I'm struggling through the last pset! I managed to get the markers on the map, and got an info window working with just a placeholder in, (now removed) but now I'm stuck on getting the Ajax call for 'articles' to work. I'm getting an 'internal server error 500' and it seems to be the arguments I'm passing to the Ajax call, but I've tried every combination I can think of & I really can't make it work!!! I saw a question with the same problem, my 'articles' route also works when I use the suggested test, feeding in 'geo=' + a postal code, so I assumed that the parameters should be 'geo' and 'place.postal_code' as per the lat & long arguments I've used for the markers...am I missing something??! Any help would be very much appreciated! Here's my code (and I've just added the error msges too...):

enter image description here

 * Adds marker for place to map.

function addMarker(place)
{var myLatLng = {lat:place.latitude, lng:place.longitude};

var marker = new google.maps.Marker({
    position: myLatLng,
    map: map,
    label: {
        color: 'black',
        text: place.place_name,
    icon: {
        labelOrigin: new google.maps.Point(11, 50),
        url: 'https://maps.google.com/mapfiles/kml/pal2/icon5.png',
        size: new google.maps.Size(30, 60),
        origin: new google.maps.Point(0, 0),
        anchor: new google.maps.Point(11, 40),


var parameters = { geo:place.postal_code };

$.getJSON(Flask.url_for("articles"), parameters)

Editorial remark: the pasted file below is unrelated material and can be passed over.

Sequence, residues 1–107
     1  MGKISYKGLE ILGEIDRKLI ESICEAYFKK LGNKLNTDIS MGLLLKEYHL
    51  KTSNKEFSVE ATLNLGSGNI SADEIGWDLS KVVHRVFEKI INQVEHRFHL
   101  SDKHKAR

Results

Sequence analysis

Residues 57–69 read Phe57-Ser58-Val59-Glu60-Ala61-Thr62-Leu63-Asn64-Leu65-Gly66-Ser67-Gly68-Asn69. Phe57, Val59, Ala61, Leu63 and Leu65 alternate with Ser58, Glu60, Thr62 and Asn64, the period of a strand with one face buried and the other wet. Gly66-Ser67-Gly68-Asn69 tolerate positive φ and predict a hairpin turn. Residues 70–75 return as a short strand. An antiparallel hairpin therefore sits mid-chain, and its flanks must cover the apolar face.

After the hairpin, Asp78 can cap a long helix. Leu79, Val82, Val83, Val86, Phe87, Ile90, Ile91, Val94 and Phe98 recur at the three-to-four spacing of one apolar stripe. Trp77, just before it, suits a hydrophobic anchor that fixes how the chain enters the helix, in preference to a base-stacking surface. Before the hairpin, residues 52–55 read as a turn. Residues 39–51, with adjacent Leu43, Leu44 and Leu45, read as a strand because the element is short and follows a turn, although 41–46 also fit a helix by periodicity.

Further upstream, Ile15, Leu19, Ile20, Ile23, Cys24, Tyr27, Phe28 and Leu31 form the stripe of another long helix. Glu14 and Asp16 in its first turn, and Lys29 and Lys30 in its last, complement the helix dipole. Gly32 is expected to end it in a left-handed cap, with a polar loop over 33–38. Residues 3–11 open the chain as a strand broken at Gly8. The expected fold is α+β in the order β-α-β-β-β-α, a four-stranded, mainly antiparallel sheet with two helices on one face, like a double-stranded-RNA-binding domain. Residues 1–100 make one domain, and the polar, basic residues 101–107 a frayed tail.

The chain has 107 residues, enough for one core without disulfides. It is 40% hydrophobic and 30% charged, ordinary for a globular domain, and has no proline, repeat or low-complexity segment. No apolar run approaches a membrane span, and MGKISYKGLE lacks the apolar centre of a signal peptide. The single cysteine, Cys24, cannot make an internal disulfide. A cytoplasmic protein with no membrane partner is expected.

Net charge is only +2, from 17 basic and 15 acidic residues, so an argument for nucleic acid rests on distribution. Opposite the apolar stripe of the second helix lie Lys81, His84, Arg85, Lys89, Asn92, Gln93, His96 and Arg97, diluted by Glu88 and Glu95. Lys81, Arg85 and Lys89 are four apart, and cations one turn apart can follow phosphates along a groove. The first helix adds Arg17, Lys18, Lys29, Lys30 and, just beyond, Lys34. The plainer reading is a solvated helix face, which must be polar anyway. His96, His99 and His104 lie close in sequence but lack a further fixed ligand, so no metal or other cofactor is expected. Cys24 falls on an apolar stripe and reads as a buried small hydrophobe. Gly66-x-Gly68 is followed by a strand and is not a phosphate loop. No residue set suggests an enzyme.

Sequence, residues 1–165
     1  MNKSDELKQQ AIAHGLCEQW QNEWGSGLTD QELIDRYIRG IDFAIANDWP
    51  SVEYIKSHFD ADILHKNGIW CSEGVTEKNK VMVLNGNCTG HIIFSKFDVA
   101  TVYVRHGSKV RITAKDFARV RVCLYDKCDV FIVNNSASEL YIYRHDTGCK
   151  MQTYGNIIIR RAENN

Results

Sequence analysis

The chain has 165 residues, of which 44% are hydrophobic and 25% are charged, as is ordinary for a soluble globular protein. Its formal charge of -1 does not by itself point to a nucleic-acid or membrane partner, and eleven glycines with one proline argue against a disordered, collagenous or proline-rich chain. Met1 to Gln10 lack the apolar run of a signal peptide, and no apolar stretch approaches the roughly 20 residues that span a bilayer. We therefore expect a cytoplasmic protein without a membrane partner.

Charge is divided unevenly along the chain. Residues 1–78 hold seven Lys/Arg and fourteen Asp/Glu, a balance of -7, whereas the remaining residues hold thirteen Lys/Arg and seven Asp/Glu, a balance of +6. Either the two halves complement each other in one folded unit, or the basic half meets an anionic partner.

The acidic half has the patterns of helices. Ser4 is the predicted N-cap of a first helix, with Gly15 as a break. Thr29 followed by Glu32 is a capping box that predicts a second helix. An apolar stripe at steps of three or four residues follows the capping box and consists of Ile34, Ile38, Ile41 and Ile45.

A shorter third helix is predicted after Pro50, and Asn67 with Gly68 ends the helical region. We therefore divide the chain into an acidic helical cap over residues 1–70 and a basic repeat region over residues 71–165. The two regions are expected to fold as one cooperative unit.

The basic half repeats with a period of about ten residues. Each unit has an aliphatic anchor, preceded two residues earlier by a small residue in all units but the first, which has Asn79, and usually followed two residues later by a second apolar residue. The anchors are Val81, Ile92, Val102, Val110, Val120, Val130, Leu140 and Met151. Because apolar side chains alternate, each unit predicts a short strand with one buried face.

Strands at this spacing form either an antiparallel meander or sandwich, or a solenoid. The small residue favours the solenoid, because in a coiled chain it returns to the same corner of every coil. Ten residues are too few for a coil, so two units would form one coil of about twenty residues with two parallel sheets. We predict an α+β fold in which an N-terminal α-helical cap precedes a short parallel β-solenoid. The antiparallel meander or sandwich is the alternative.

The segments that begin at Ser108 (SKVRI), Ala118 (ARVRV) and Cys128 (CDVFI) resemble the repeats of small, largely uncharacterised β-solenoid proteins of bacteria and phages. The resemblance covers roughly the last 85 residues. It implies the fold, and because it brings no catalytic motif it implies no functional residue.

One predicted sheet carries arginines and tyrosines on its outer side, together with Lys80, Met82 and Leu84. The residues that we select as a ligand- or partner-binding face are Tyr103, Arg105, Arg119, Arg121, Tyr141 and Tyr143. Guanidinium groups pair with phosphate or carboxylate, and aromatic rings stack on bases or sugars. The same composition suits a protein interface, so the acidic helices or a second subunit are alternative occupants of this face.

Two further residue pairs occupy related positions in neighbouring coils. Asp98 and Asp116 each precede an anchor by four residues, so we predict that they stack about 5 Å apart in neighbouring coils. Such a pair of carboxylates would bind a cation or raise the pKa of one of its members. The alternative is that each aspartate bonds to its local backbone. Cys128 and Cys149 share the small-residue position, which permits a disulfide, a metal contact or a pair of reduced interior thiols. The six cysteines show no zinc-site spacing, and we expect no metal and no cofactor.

.done(function(data, textStatus, jqXHR){

    //check if getJSON is working...

    //create ul of titles with links to add to div in showInfo as 'content' 

    google.maps.event.addListener(marker, 'click', function(){
    // call showInfo 
    showInfo(marker, content);      





1 Answer 1


One sure way to get this error is to send a numeric argument to lookup. You can try this in python command-line:

>>> from helpers import lookup
>>> lookup(6540)

It returns a TypeError. (If you cast it to a string as with lookup(str(6540)) you will get results).

I suspect places.postal_code is defined as a numeric (because of the query string geo=6540). Conventional wisdom says it should be TEXT. It preserves leading 0 in US postal codes, it handles international postal_codes, and generally speaking, it makes the functions in application.py easier to write.

Regardless, make sure the lookup argument is a string, not numeric, in articles.

  • Thank you again! I think though that it is a string - I cast it deliberately because I'd read that - so my code from articles in application.py finishes with: geo = str(request.args.get("q")) / result = lookup(geo) / return jsonify([result]) - wouldn't that do it? (sorry for the format)
    – CallyB
    Apr 7, 2017 at 21:58
  • oops - it's really late here, sorry - places.postal_code you meant! Yes, I had that as an integer, but I just changed it to text and I'm getting the same error msg still....
    – CallyB
    Apr 7, 2017 at 22:04
  • Yayy! Thank you again DinoCoderSaurus (great name BTW!) - it didn't make sense that your suggested solution didn't work - I did have places.postal_code as text so why didn't changing it help?! So I closed and reopened my browser just to see and now it works (no idea why but I'll take it!!!) You are a life saver!!!
    – CallyB
    Apr 8, 2017 at 7:02

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